Rachel Paige
May 05, 2016 5:25 pm
NBC

One time, a few years ago (seven to be exact) my mom called to talk to me, as moms like to do. I was spending my junior year of college living away from home, and with the distance and the time difference my mom called to check up on me a lot. This was another one of those checkups. As we talked, the conversation quickly turned to the fact that I was living alone in a new city, by myself and completely by myself; I wasn’t in a relationship at the time. My mom started to really harp on this subject, and after a few moments of dancing around the subject directly, she started crying.

“I just don’t like to think of you all alone!” She wailed on the other end of the phone, 3,000 miles away.

At the time, I had no idea how to respond to that. Seven years later, I still have no idea how to respond to that question. Am I alone? Yes. I’m alone in the sense that I am not currently in a relationship, so no need to add a +1 to any of my RSVPS. But am I ~alone~? Am I completely alone in the world, without anyone beside me, looking out for me, caring about me? No. I’m not alone. So stop thinking I am. (I love you, mom!!)

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It’s not just my mom who has commented that I’m “all alone” before. Friends, colleagues, and peers have all made similar remarks, whether intentionally or indirectly. It never bothers ME, but for some reason, others take it as if it DOES bother me, which is odd. Like someone will state, “You’re not in a relationship?” and I’ll be like “HELL NO,” and they’ll be like “Oh, I’m so sorry [gives me a sad look and creeping puppy-dog eyes like this is a tragedy].” This is usually followed by the invitation to go out with them sometime in the future, as if this kind gesture is saving me from years of solitude. It’s a nice thing to do, but honestly, it’s always weird. It’s like when others see that I’m alone, they assume I must be lonely, and that another person’s presence is my only savior. Where does that perception come from? That I need to be saved from my aloneness? Where does that perception come from?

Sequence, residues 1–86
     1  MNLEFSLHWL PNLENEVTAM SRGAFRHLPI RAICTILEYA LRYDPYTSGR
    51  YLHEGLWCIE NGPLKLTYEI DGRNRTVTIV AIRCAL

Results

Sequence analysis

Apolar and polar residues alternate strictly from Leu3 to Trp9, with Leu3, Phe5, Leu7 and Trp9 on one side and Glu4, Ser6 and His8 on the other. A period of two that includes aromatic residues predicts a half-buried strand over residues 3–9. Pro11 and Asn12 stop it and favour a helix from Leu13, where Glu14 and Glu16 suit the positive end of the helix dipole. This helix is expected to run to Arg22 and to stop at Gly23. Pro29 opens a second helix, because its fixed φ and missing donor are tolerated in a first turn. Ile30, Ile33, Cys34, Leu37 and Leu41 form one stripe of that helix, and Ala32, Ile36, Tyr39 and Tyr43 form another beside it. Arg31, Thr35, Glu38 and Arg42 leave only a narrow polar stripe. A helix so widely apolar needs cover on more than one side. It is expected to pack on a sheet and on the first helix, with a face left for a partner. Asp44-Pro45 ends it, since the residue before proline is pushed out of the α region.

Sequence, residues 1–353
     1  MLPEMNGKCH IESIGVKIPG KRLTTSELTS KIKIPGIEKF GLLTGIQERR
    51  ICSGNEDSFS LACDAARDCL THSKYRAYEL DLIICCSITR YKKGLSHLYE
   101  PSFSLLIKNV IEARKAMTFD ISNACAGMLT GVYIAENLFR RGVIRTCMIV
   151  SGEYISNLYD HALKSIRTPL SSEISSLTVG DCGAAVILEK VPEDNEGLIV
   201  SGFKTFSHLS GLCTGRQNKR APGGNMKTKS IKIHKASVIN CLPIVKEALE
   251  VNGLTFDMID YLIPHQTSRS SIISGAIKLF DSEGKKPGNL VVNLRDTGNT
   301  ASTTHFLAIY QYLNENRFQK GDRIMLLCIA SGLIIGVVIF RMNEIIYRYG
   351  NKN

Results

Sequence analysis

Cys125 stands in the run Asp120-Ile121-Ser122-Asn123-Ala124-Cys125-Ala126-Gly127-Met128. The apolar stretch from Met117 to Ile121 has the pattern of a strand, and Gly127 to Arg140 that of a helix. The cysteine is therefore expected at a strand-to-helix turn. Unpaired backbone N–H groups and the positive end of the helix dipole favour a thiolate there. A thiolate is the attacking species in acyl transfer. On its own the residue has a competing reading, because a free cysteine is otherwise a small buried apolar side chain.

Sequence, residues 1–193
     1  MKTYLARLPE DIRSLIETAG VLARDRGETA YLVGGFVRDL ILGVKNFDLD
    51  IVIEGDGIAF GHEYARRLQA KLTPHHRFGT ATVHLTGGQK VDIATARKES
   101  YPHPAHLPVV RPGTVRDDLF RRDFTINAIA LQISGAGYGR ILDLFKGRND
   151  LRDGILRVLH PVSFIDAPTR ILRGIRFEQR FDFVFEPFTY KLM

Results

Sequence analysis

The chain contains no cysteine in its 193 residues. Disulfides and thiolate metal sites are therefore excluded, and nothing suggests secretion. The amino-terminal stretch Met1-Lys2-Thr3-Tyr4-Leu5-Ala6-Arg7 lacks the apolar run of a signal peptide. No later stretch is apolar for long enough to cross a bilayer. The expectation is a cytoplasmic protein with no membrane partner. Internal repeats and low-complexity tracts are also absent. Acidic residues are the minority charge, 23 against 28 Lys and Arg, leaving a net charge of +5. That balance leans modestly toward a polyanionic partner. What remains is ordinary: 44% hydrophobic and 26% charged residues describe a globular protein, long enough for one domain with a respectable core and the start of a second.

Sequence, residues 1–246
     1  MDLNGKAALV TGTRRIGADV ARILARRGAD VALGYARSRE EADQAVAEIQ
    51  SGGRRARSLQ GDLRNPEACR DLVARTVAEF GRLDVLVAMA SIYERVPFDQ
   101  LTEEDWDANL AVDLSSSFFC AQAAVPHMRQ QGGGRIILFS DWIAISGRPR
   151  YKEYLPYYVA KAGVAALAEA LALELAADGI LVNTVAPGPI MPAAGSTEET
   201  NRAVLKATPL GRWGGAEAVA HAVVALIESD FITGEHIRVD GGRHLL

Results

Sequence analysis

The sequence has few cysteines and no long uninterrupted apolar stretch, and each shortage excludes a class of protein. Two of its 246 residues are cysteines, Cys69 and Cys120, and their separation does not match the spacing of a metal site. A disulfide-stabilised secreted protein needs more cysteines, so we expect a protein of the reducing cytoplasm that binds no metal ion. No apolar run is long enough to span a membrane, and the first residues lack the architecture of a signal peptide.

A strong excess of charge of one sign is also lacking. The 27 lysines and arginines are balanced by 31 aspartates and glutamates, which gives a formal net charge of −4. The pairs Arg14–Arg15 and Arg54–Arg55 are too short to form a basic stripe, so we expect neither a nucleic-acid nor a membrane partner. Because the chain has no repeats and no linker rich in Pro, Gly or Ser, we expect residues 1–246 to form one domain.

In truth, I love being alone. I love being able to do my own thing on my own terms, and I embrace this freedom to the fullest. But, being alone does not translate to loneliness. I 100% love returning home to my empty apartment, all by myself, and yelling “THIS IS ALL MINE!!!” In this situation, I am physically alone, and I embrace the shit out of it.

HelloGiggles/Shutterstock

Being physically alone and being lonely are two different things, and I’m not lonely. I wish more people understood that. If I want a friend to come over and hang out, they do. If I want to go out and see friends, I do. But then if I want to spend the night in, alone, I do that, too.

And okay, every now and then I do feel a little bit lonely. But then again, everyone does at some point in their life, even those in committed relationships. For some reason when I’m struck with the coming feeling of loneliness, I think of that one Penny Lane quote from Almost Famous. You know the one: “…and if you ever get lonely, just go to the record store and visit your friends.” Wherever your friends — both the real ones and the inanimate — are is not a state of loneliness (And my proverbial record store is Netflix).

Shutterstock/HelloGiggles

Yet, I still feel like people just assume I’m lonely. My mom did that one time seven years ago, and sometimes I still know she thinks that now. But I’m not. I have loads of friends, and an amazing group of ladies that I get to work with every single day — and I hope you have the same. Unless you’re locked away in a tall tower without any way to get outside, you’re not alone, and I bet you’re far from lonely.

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